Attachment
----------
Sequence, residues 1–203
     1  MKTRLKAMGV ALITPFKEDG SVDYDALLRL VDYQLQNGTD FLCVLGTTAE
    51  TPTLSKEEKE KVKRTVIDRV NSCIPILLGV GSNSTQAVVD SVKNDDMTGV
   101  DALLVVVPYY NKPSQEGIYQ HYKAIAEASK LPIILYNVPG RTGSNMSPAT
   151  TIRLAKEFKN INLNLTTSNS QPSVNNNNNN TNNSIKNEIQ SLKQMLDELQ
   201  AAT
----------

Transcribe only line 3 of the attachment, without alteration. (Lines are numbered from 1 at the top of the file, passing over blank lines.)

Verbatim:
    51  TPTLSKEEKE KVKRTVIDRV NSCIPILLGV GSNSTQAVVD SVKNDDMTGV